Agree or disagree, it is hard not to like the guy.

But the play would have been incomplete without the foils.

Thursday morning, John McCain, fresh from putting on the feed bag with Barack at the Jefferson Hotel, where he exited flashing his thumbs-up on how wonderfully the dinner had gone, came to the floor to declare himself disgusted with Sen. Paul and to pronounce his filibuster “ridiculous.”

McCain was followed by Lindsey Graham, who lectured the senators who stood by Paul that he did not recall them being exercised about drone strikes when George W. Bush was president.

McCain and Graham both seemed deliberately to miss the point.

Paul was not attacking the use of drones against enemies on a battlefield. He wanted to know if Obama now regarded America as a battlefield, and if he regarded U.S. citizens as possible enemy combatants who may be targeted and killed without due process of law.

Paul’s victory was conceded when a letter arrived from Holder conceding that he and the president now agreed with Sen. Paul.

What Paul achieved in a half day of speaking from the Senate floor is astonishing. There is a new tent pole in the GOP that stands as tall as any of the rest.

McCain and Graham, who are routinely trotted out by Big Media to speak for the party — can they any longer claim to do so?

Last week, they seemed isolated. And, on the weekend, House Majority Whip Kevin McCarthy declared Paul’s performance “fantastic,” and backhanded the Republicans who attacked him.

Paul himself handled McCain’s insults well. “I treat Sen. McCain with respect,” he told Mike Huckabee. “I don’t think I always get the same in return.”

Henceforth, be the issue sending weapons to Syrian insurgents, or launching a war on Iran, the media will have to consult Sen. Paul, who can credibly claim to speak for a large segment of the GOP.

The hegemony of the neocons and the lockstep conformity of a vast a slice of the GOP that cost Reagan’s party its primacy during the Bush wars, seems to be coming to an end.

Mind of the New Majority

Patrick Buchanan working as an aide to Richard Nixon in 1969

By Michael Brendan Dougherty – The American Conservative Magazine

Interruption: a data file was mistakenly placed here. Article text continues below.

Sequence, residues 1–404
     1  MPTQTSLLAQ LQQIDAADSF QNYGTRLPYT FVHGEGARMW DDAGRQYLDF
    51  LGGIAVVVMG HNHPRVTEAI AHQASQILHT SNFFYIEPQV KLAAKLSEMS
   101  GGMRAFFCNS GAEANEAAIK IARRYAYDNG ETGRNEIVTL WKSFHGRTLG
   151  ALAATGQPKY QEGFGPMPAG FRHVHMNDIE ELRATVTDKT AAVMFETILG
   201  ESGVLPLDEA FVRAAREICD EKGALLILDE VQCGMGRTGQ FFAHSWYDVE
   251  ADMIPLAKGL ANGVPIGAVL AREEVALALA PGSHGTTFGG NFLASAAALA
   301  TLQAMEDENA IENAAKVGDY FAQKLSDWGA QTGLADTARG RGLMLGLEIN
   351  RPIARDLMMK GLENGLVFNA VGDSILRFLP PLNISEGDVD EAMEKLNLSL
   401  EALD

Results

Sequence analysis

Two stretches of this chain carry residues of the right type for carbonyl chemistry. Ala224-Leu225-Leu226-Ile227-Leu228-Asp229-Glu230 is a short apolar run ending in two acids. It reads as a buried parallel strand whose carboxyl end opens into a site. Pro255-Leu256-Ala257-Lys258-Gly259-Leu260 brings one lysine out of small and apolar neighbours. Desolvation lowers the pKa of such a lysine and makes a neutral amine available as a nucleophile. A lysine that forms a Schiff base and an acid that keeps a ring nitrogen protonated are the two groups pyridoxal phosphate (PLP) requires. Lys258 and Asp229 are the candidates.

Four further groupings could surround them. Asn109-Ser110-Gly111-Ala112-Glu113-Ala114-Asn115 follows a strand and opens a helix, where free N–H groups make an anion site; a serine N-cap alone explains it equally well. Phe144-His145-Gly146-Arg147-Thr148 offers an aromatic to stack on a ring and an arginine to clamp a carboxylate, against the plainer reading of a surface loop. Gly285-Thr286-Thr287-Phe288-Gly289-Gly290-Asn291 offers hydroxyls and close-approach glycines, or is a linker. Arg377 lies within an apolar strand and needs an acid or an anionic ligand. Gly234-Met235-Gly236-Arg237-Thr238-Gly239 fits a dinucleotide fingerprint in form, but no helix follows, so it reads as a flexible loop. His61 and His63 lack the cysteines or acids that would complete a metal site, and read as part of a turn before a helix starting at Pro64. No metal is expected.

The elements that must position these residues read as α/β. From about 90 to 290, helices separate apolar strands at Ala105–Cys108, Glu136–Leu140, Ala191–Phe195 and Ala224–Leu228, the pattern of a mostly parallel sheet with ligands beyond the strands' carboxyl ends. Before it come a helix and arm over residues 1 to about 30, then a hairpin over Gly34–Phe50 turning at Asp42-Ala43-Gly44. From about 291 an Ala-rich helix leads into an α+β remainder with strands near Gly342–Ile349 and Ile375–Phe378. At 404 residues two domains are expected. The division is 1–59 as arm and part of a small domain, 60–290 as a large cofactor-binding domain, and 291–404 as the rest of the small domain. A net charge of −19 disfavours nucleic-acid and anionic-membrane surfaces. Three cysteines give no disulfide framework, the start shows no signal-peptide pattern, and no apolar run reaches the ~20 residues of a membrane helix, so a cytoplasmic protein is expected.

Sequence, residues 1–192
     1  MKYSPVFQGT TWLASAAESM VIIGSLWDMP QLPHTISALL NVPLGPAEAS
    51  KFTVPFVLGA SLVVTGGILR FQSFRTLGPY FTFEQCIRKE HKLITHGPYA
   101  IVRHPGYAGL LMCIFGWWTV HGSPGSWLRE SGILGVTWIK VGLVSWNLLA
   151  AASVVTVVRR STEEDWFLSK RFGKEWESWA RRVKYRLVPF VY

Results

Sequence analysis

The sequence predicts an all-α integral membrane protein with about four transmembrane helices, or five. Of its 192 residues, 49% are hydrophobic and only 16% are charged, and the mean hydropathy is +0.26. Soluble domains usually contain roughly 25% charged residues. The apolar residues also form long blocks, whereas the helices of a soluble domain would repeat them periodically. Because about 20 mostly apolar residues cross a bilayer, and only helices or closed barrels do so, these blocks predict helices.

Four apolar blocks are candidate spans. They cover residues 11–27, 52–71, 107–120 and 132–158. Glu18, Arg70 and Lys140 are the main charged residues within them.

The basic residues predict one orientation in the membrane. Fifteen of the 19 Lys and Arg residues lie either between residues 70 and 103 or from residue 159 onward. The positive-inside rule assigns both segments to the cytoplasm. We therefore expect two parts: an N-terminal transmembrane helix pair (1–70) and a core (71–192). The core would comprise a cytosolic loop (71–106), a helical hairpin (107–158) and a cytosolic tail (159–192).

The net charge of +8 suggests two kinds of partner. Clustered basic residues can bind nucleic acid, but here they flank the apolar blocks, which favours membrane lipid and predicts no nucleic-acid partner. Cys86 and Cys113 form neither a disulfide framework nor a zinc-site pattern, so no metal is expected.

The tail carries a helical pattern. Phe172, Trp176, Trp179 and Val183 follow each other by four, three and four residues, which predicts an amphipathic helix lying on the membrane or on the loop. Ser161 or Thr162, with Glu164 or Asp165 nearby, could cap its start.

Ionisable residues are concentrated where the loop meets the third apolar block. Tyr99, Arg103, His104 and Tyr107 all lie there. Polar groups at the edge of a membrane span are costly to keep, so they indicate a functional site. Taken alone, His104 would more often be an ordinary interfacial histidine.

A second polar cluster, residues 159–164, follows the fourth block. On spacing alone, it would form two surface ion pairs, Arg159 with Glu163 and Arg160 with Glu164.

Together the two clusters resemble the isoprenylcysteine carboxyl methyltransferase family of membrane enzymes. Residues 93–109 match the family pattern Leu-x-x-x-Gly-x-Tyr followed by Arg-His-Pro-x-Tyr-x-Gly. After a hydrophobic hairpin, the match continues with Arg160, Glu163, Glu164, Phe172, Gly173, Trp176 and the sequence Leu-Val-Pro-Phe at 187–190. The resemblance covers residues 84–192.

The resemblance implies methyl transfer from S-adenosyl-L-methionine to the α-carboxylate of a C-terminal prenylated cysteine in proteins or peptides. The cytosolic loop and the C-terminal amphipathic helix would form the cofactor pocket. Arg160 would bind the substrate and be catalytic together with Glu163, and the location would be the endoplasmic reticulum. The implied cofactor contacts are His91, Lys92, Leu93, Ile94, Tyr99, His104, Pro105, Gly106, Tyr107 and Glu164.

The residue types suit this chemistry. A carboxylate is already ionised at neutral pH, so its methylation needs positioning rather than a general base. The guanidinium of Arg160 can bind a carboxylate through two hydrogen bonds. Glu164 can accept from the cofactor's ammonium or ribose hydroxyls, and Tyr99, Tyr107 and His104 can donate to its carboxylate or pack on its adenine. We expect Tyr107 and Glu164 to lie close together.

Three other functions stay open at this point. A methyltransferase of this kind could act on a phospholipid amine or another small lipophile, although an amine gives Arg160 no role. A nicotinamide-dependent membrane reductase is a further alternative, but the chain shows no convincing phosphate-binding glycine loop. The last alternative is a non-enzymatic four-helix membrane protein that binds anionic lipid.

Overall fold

Pat Buchanan is more than a conservative—he’s Nixon meets Spengler.

Patrick J. Buchanan stood beside a window in Chicago’s Conrad Hilton hotel during the 1968 Democratic convention and looked over the panorama of dissent raging below. At about two in the morning, the phone rang—it was Nixon. “Buchanan, what is happening there?”

“I said, ‘Listen’,” Buchanan recalls, then pantomimes how he stuck the phone out the hotel window. “All you could hear was ‘F-you Daley! F-you Daley!’”

“That’s what’s going on,” he told Nixon, and hung up. He smiled taking it in.

Later the police, tired of the verbal abuse being hurled at them, charged into the park and at the protestors, looking for a brawl. “The cops shouldn’t have done it,” says Buchanan, remembering the savage way they beat the demonstrators. “But the country saw the pictures of cops racing into the park. And the country was with the cops.”

The continental plates of America’s politics were grinding into new positions beneath Buchanan’s feet. That shift tilted ethnic whites and eventually Southern evangelicals into the Republican coalition, awarding the party five of the next six presidential elections, including two 49-state victories. In a phrase crafted by Buchanan, Nixon called it “the great silent majority.” Buchanan prefers to call it the New Majority.

In the generalizations of political history, Buchanan—as a wordsmith and veteran of two Republican White Houses—is lumped with the broad postwar conservative movement. Since the Cold War ended and that movement degenerated into a set of interlocking cliques, he has been identified more finely as a “paleoconservative.” The man who wrote incendiary editorials on Goldwater’s behalf for the St. Louis Globe Democrat, who attends Latin Mass regularly, and who injected the term “culture war” into the heart of political discourse is certainly a conservative. But that label is incomplete.

In media, he is the pioneer pundit. Sean Hannity and scores of others from all political backgrounds learned the trade from him. His three-hour radio show with Tom Braden evolved into a television program and later spawned “Crossfire” and “The McLaughlin Group.” But few other columnists or talking heads match his depth. If a cable news program is on in the background and you hear the words “Agincourt” or “the snows of Canossa,” it is Buchanan, inevitably, speaking them.

But he is not just a media figure, either. In that time of tumult before the 1968 election, National Review publisher Bill Rusher asked Pat, “Are you Nixon’s ambassador to the conservatives, or are you our ambassador to Nixon?….

Continue reading at The American Conservative Magazine

How Bill Kristol Purged the Arabists

By Patrick J. Buchanan